The bustle only paused for a moment as secretaries and other military personnel looked to see what had happened. All they saw was Ed stomping toward them with his head bowed as if he was going to plow through them. The onlookers moved quickly out of his way, then went about their work. Angry rants from Edward Elric were old news. They happened all the time.
Only, Riza was sure this wasn't an everyday thing. Something major had happened in that office—she knew that because Ed didn't cry easily, and she knew that he'd been crying. The fact that Colonel Mustang came out and fixed the door himself was another indicator of the severity of what had happened.
She'd offered to get someone else to fix it, but he'd waved her off. He'd even dismissed the civilian secretaries who'd also offered to get someone to fix it for him. Normally he would suck up the attention and shamelessly flirt with them, but not today. When he was finished, the colonel retreated to his office and that's where he'd been since then.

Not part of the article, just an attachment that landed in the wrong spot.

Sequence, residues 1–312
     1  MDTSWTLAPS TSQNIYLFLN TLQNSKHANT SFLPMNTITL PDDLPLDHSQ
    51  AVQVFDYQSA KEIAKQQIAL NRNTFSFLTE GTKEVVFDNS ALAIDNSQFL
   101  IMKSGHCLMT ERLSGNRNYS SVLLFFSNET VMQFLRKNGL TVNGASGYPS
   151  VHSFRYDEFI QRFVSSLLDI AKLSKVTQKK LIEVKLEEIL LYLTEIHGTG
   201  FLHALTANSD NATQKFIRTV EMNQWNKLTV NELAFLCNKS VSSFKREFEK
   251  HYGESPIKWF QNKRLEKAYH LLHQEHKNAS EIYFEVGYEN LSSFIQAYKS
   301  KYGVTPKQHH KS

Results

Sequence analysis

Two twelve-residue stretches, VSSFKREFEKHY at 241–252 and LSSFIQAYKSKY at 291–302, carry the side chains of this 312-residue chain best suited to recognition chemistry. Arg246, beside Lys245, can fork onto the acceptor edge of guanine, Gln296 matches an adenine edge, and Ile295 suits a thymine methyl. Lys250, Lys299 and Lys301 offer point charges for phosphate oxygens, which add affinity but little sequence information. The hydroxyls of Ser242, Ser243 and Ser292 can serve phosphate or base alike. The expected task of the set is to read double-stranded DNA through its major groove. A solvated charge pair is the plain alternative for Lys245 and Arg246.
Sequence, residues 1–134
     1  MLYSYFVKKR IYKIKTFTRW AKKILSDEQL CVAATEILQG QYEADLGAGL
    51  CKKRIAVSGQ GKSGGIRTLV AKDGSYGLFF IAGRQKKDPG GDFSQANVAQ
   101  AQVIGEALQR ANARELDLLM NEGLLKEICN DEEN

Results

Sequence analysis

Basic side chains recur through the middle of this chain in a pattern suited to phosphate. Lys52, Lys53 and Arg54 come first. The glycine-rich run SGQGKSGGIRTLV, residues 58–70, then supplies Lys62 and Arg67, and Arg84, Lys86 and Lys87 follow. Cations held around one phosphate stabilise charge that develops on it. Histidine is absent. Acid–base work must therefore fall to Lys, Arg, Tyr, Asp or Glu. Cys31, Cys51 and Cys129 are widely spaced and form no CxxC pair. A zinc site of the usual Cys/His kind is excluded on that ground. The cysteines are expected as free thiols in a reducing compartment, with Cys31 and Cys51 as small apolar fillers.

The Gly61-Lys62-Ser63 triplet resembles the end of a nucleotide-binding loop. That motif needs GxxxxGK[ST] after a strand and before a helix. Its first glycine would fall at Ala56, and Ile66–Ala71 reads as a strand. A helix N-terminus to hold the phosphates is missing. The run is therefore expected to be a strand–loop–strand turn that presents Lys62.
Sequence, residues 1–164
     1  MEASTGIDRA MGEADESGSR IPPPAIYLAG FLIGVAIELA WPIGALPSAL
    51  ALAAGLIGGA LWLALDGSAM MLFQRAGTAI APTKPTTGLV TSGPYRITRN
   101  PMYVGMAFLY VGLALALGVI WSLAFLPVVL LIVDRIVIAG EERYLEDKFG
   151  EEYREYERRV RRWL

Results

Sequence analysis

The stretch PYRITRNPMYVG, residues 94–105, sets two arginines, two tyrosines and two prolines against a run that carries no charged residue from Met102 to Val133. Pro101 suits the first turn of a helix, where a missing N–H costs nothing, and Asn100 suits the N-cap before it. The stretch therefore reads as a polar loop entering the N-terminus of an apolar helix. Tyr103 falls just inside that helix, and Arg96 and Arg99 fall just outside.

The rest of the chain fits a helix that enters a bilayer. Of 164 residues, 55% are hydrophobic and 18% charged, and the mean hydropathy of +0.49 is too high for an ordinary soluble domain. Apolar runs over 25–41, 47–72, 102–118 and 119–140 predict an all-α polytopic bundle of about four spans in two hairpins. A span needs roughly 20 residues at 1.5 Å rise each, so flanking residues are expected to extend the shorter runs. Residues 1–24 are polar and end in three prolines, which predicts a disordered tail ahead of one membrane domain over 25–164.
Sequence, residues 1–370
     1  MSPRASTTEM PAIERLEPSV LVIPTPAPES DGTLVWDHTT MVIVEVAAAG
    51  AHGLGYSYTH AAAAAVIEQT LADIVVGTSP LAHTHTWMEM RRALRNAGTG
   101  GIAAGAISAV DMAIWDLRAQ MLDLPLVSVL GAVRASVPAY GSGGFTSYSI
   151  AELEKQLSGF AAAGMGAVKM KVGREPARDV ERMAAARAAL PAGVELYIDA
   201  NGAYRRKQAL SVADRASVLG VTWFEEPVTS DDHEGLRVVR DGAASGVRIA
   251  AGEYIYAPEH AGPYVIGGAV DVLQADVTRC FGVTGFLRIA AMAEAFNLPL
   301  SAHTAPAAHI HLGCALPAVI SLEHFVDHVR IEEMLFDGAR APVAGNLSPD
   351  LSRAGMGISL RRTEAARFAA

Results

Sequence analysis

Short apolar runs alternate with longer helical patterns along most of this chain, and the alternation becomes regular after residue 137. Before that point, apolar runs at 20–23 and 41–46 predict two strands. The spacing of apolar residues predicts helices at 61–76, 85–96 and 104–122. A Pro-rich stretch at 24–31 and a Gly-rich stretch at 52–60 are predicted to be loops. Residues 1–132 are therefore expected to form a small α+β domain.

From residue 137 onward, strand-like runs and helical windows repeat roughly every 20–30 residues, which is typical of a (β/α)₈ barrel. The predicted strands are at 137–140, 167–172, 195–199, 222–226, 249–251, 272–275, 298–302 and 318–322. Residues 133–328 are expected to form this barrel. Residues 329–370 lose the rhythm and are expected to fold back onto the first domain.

Riza stopped at his door and looked up and down the quiet hall. It was amazing what a difference an hour could make.
Raising her fist, she rapped sharply on the door, then opened it and walked inside. Colonel Mustang was flipping through a few files. When he found the one he wanted, he opened it and glanced at the papers until he found the one he was looking for. Glancing up, the colonel waved her over, then handed her the paper.
"I need that signed by both Drill Sergeant Hall and Lieutenant Colonel Fladanstine." His voice was brisk and businesslike. She glanced at the document and noticed a small sticky note berating the two men for not being sure everything was in proper order before they sent it to him.
She glanced at him as he began stacking folders neatly on the corner of his desk. There were no smiles today. No smug remarks about finding their mistakes. No boasting about how thorough he was. Today, he was all business.
He stopped when his hands rested on the folder he had taken the paper from, then he handed that to her as well, and growled, "Take that with it. I don't want it cluttering up my desk." He didn't look at her; he simply held the folder up for her to take.
She took it, slipped the paper inside, then said quietly, "Permission to speak freely, sir?" She rarely had to ask to speak her mind, but he was so on edge today that he might just jump on her for the breach of conduct.
The colonel paused, then continued cleaning up his desk. "Permission granted." He sounded reluctant, as if he already knew what she was going to say.